Monday, March 3, 2014

Herbert Marcuse on Paul Baran’s Critique of Modern Society and of the Social Sciences

Paul Baran and Herbert Marcuse's (author of One Dimensional Man) friendship went back to their days together at the Institute for Social Research (the foundational school of critical theory in the social sciences, which led to the future establishment of The New School For Social Research in NYC, and became the intellectual impetus for spawning the 'New Left' in the US - for more on this, see here) in Frankfurt in pre-Hitler Germany. Their close connection is revealed in a series of letters they wrote to each other in the 1950s and early ’60s (posted this month on the Monthly Review website).

From John Bellamy Foster:
The following talk, delivered only days after the publication of Monopoly Capital: An Essay on the American Economic and Social Order by Baran and Paul M. Sweezy, Marcuse reveals his admiration for Baran’s article on “The Commitment of the Intellectual.”Marcuse also provides his understanding of the critical importance of Baran’s notion of economic surplus, as introduced in The Political Economy of Growth and its significance for the critique of monopoly capital. This throws light on Marcuse’s own use of the concept of monopoly capitalism, which is frequently mentioned in his work (see for example his Counter-Revolution and Revolt).
Marcuse criticizes Baran for rejecting—in “Marxism and Psychoanalysis”—the use of psychological terms and for distancing himself from Freudian psychoanalysis and its left interpretations. Marcuse was clearly disappointed (as he indicated in a letter to Baran on September 22, 1959, where he commented on the galleys to Baran’s article) that Baran had not embraced the kind of argument he himself had put forward in Eros and Civilization. Nevertheless, it is worth adding that Baran—as Marcuse no doubt understood and as their own correspondence reveals—was far from simply rejecting psychological issues out of hand. Baran’s essay on psychoanalysis was aimed at the critique of what he called “psychologism” and “social psychologism”—and not psychology and social psychology. He insisted in this respect that what was needed was a more revolutionary social psychology—that took into account as its initial datum the structure of capitalist society as a whole. He sought to push this view forward near the end of his life through the critique of the cultural apparatus, overlapping in this way with the concerns of such thinkers as Marcuse, Fromm, Williams, and Mills. (See the special July-August 2013 issue of Monthly Review on “The Cultural Apparatus of Monopoly Capital”). To the end Baran remained an uncompromising critic of the narrow economic rationalism of monopoly-capitalist society and the damaging effect that it exerted on the material existence, culture, and consciousness of humanity.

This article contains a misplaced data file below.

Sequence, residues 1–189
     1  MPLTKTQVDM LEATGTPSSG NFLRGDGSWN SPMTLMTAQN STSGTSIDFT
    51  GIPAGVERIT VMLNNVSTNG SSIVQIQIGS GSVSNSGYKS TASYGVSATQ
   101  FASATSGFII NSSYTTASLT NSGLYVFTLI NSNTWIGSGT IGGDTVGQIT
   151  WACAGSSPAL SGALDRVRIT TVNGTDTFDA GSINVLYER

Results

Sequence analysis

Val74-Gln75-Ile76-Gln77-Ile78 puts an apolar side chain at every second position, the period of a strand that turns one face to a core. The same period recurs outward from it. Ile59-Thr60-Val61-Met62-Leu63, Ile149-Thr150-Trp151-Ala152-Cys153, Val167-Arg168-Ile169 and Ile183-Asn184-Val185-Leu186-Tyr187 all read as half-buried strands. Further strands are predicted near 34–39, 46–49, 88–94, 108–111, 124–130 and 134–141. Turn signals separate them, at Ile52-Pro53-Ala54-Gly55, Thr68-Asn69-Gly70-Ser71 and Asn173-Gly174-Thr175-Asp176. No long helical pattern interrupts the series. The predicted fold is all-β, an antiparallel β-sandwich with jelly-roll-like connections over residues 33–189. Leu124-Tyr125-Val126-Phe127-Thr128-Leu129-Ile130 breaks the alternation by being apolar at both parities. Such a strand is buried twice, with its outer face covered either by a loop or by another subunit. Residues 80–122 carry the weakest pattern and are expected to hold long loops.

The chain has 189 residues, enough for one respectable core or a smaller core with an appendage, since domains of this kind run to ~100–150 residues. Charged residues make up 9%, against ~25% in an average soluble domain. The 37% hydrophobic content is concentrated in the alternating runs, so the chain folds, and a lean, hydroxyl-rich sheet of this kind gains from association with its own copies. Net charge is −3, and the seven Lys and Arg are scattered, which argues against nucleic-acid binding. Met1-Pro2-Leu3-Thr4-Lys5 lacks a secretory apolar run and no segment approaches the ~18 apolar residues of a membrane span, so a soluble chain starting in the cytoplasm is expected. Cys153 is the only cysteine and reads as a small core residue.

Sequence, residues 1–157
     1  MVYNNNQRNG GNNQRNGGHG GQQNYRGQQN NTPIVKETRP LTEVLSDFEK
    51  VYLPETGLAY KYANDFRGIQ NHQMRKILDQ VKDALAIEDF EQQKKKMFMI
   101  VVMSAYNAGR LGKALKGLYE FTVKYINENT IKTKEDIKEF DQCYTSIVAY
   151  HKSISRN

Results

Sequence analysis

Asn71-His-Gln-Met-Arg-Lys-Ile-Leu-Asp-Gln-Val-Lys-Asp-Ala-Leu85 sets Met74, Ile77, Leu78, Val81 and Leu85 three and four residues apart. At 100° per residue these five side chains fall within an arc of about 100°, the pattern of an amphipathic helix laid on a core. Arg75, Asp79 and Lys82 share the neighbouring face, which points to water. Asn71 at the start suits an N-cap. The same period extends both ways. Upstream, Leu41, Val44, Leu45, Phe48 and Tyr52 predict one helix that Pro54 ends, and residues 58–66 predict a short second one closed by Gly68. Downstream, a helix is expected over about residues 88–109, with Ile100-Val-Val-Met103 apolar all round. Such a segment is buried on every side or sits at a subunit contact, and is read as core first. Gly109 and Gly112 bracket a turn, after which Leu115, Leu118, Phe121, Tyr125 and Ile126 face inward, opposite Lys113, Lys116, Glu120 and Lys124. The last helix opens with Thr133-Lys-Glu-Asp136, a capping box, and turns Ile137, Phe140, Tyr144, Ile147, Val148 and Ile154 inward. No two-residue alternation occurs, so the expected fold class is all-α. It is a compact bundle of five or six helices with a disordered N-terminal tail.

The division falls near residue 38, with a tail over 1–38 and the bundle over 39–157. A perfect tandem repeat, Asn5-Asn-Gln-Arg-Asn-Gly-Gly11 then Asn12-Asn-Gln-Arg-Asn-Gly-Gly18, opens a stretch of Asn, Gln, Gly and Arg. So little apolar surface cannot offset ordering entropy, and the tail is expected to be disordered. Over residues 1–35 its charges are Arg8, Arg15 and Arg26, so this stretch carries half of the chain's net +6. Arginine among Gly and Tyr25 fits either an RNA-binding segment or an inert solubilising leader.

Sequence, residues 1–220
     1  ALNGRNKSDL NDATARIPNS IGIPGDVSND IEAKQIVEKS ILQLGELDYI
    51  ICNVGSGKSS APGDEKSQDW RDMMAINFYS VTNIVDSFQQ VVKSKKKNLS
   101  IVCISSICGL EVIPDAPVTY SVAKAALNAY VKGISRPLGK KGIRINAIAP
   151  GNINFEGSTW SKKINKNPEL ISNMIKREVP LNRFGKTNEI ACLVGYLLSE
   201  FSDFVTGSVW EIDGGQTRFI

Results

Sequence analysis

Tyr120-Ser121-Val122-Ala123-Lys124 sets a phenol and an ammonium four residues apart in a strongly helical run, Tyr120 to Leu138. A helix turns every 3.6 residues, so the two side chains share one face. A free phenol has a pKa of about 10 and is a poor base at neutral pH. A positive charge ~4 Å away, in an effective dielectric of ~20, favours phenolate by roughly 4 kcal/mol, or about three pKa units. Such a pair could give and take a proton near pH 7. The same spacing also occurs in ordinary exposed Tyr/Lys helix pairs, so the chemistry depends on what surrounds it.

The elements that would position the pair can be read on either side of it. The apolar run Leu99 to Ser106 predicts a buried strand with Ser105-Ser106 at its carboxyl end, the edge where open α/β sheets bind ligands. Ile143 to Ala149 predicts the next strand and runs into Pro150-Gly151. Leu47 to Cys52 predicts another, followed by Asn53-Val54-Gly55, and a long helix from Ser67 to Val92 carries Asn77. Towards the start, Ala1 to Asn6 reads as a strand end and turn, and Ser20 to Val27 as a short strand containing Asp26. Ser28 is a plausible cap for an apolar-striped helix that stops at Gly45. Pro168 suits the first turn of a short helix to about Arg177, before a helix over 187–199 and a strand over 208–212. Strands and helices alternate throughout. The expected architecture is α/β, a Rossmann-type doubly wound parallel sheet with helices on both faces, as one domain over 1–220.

Read rest here.

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